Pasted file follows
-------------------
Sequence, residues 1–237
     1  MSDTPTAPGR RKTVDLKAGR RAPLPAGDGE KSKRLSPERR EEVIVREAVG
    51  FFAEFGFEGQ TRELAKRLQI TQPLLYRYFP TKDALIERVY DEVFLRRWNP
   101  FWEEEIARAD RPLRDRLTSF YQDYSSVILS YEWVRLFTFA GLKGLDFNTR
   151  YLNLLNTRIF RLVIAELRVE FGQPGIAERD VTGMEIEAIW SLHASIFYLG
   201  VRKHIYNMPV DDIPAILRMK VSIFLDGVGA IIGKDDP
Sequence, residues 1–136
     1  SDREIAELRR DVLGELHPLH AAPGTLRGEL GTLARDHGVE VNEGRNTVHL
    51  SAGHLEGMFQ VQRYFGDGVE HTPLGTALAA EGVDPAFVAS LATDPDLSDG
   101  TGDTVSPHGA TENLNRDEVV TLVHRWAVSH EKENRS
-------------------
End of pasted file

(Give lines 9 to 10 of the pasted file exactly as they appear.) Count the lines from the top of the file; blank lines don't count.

    51  SAGHLEGMFQ VQRYFGDGVE HTPLGTALAA EGVDPAFVAS LATDPDLSDG
   101  TGDTVSPHGA TENLNRDEVV TLVHRWAVSH EKENRS